News reports yesterday suggest that the Ministry of Education will soon pronounce on the issue of the flogging of ten Queen’s College students by a senior teacher which occurred on May 16. The matter had attracted wide publicity and a report by the Board of Governors containing recommendations has been submitted to the Ministry of Education which is being reviewed. It is expected that the Ministry’s focus will be on the incident at Queen’s College and not on the broader question of corporal punishment in schools. Yet there are few issues that attract more controversy and others consider of less compelling urgency.

The Ministry of Education approves the flogging of children in schools. The Manual of Guidelines for the Maintenance and Discipline in Schools, defines the reasons for which it can be used as follows: fighting, use of indecent language, gross insubordination, display of unacceptable behaviours, or in grave circumstances. These “offences” are not further defined. It might well be considered that “unacceptable behaviours” and “grave circumstances” give too latitude or discretion in making determinations as to what they encompass. It is not known if these Guidelines have been further defined or developed as they were promulgated since 2002. But it is to be noted that it is a detailed and extensive document which provides a role for the home and the community in formulating and implementing a Code of Conduct and Disciplinary Policy.

In the debates leading up to the attempt to enact the draft Education Bill in 2014, the current Education Act having been enacted in 1877, a widespread debate broke out on corporal punishment of children. It turned out that strongly held opinions in favour of corporal punishment were expressed. Some Christian and other religious groups were vociferous in their support. The Education Bill does not provide for corporal punishment but states that the principal and staff of a public school shall ensure that order and discipline prevail in accordance with the Manual. It is presumably the same Manual referred to above which means that corporal punishment would have been indirectly retained by the Bill. But for a reason that I have not been able to discern, the Bill was not proceeded with after its First Reading in 2014.

The non-governmental organization, ChildLink Inc., as reported on May 11, condemned the flogging of the ten Queen’s College students and urged the Ministry of Education to abolish corporate punishment in its entirety. “The flogging of children has no place in a modern, progressive society like Guyana and the Ministry of Education should strongly consider taking a more pro-active approach to have this dehumanizing behaviour removed from its policy.” ChildLink said that by condemning and actively working to eradicate corporal punishment, Guyana could create a safer and more nurturing environment for its youngest citizens where their rights are respected and their potential is allowed to flourish. ChildLink said that flogging children is a violation of children’s rights.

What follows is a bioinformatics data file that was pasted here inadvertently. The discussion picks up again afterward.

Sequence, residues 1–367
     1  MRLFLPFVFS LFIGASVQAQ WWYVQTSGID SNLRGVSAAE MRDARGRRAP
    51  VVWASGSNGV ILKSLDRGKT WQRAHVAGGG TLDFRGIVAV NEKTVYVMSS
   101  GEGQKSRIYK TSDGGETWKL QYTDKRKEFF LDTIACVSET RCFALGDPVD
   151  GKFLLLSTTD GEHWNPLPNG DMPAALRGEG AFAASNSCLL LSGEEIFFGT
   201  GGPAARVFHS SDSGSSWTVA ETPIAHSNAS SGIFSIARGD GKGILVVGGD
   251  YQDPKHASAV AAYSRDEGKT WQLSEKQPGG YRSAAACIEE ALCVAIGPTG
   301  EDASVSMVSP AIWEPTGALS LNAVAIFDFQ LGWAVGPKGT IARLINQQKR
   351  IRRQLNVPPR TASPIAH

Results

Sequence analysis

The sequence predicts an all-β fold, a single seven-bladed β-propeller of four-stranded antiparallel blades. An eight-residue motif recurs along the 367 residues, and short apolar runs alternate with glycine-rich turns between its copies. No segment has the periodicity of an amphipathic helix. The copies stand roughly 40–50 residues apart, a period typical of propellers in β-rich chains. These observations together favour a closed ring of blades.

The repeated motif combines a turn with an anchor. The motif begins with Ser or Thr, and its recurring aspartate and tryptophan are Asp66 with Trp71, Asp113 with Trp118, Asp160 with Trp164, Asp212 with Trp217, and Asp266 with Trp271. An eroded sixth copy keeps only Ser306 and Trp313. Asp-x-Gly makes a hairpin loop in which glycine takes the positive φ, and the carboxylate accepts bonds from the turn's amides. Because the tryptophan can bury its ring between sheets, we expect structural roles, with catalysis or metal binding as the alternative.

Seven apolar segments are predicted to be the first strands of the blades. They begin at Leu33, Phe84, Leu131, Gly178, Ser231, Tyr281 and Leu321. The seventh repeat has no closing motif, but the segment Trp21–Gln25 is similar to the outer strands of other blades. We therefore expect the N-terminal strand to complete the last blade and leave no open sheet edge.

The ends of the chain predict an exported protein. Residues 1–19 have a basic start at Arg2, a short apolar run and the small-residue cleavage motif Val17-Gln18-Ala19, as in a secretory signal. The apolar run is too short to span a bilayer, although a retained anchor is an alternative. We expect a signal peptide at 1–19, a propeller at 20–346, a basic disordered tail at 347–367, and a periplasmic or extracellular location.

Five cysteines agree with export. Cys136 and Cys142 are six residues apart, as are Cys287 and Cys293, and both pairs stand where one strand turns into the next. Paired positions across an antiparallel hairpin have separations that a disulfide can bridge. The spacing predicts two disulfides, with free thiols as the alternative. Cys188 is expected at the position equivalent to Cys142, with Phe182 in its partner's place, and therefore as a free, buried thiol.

Article 19 of the UN Convention on the Rights of the Child provides that: “The state must do all it can to protect children from violence, abuse, neglect, bad treatment or exploitation by their parents or anyone else who looks after them.” Article 38B of the Constitution provides that “the best interests of the child shall be the primary consideration in all matters concerning children” undertaken by public institutions. Among the tasks of the Rights of the Child Commission provided for by Article 212V of the Constitution are: promote the rights and interests of children; ensure that the rights of children are taken into account by public bodies; monitor compliance by the Government with international instruments to which it has acceded; monitor, evaluate and make recommendations on policies in order to promote rights of the child. The Rights of the Child Commission has been missing in this debate. There is no doubt that Guyana is in violation of its international and constitutional obligations in approbating the flogging of children in schools.

The case of Christian Education of South Africa v Minister of Education was heard by the Constitutional Court of South Africa in 2000. The decision given by Justice Albie Sachs, a former African National Congress executive member, who visited Guyana in 1998 and gave several public lectures. The South African Schools Act had prohibited corporal punishment in schools. The question was whether the provision violated the rights of parents of children in independent schools who, in line with their religious convictions, had consented to its use. The issues in the case are not directly relevant to the matter in Guyana, even though some of the opposition to the abolition of corporate punishment is driven by religious sentiments. But the court answered in the negative and Justice Sachs said: “It should be noted that these rights to be violent-free [as provided for by the South African Constitution] are additional to and not substitutes for thr right not to be punished in a cruel, inhuman and degrading way.” Justice Sachs said that the State was obliged to respect and promote those rights. Accordingly, it must take appropriate steps to reduce violence in public and private life. “Coupled with its special duty towards children, this obligation represents a powerful requirement on the state to act.”     

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